Since January 2017, the Trump administration has taken a variety of steps not only to tighten sanctions on Iran, but also to sanction directly its Lebanese proxy Hizballah. Ali Bakeer argues that these measures, if strengthened further and aimed against both the terrorist group’s own financial empire and the financial pipeline from Tehran, can significantly weaken it:
[The] organizational structure and stretched regional agenda of Hizballah require huge financial capabilities. . . . Indeed, since 2006, Hizballah established itself as the second-largest employer in Lebanon after the Lebanese state. Although ideological [and] religious factors are important in securing the support of [Lebanese Shiites], it is mostly through money that Hizballah is able to carry out its agenda and sustain the loyalty and support of a large segment of Lebanese society. . . .
Since its establishment in the early 1980s, Hizballah relied heavily on money from Iran. However, during the last two decades, it has worked hard to diversify its sources of income. . . . To that end, the Shiite party built its own parallel economy inside Lebanon and [engaged] in economic and financial activities across several continents—from Africa to Latin America to Asia. Its activities as “a transnational criminal organization” [to use the U.S. Justice Department’s term] mainly include money laundering, construction, and contracting. . . .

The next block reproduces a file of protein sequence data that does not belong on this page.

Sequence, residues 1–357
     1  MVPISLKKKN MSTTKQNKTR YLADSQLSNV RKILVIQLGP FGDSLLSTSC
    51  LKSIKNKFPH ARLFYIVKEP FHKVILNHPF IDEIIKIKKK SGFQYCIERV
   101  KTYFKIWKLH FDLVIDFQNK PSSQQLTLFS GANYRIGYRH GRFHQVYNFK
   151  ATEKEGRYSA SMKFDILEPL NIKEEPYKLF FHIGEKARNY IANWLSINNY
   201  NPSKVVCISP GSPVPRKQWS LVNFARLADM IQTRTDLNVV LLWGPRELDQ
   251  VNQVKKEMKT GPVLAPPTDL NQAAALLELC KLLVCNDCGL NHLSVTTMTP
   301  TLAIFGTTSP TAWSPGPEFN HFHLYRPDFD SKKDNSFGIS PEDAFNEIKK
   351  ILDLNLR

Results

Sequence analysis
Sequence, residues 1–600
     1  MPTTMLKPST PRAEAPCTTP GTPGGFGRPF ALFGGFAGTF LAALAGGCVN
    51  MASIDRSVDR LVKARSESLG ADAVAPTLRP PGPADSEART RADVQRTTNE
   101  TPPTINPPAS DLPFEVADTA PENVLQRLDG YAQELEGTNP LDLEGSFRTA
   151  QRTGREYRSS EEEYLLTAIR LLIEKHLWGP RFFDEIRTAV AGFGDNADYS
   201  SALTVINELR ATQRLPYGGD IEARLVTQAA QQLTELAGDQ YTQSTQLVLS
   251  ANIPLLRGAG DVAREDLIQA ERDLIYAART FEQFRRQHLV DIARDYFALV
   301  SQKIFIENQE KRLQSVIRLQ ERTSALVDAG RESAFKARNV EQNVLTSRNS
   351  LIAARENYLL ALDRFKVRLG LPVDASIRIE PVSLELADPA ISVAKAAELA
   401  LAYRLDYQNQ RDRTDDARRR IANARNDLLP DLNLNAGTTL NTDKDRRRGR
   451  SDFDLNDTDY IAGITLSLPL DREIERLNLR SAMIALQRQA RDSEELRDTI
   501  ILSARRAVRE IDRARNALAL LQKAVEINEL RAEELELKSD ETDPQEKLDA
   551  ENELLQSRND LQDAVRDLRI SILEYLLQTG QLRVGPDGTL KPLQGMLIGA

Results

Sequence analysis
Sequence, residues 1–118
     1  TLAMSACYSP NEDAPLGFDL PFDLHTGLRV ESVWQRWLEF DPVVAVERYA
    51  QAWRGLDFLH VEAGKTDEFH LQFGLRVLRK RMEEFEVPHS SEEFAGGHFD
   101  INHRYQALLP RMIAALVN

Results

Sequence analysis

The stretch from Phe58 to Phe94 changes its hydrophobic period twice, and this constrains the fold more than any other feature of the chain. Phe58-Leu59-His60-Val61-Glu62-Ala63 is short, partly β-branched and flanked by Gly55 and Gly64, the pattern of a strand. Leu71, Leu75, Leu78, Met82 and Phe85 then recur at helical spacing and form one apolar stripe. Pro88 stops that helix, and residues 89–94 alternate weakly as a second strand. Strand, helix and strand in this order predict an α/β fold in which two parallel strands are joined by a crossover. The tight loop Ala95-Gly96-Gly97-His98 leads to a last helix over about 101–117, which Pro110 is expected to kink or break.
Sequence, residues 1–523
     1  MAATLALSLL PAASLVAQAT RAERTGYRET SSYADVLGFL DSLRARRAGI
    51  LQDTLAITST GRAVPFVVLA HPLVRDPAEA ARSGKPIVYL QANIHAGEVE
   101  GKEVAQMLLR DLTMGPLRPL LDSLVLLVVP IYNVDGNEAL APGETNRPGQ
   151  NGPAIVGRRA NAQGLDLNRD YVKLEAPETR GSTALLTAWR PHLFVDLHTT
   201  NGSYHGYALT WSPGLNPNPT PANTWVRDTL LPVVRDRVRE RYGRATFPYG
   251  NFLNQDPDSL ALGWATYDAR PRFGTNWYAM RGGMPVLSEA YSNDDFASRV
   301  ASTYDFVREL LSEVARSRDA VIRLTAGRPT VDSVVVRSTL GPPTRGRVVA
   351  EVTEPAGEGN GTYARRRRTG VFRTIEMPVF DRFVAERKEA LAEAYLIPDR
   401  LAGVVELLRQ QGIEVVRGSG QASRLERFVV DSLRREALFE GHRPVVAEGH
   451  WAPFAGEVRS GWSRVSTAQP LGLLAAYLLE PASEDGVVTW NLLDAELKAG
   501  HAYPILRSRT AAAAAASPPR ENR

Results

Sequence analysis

Aware of its financial vulnerability, Hizballah recently slashed its expenditures and is encouraging many of its members and supporters to find jobs working for the Lebanese government. . . .
[However], the sanctions against Iran are not tight enough. Since 2009, the Iranian people have become more sensitive regarding the financial support given by their government to such regional allies as Hizballah. Although more sanctions on Iran might not eliminate its financial support for its ally in Lebanon altogether, they would certainly reduce it and incite more Iranian people to protest against this kind of support. Historical experience proves that whenever the sanctions on Tehran are tight and/or oil prices are low, Iran as a state tends to reduce its support for Hizballah to a minimum.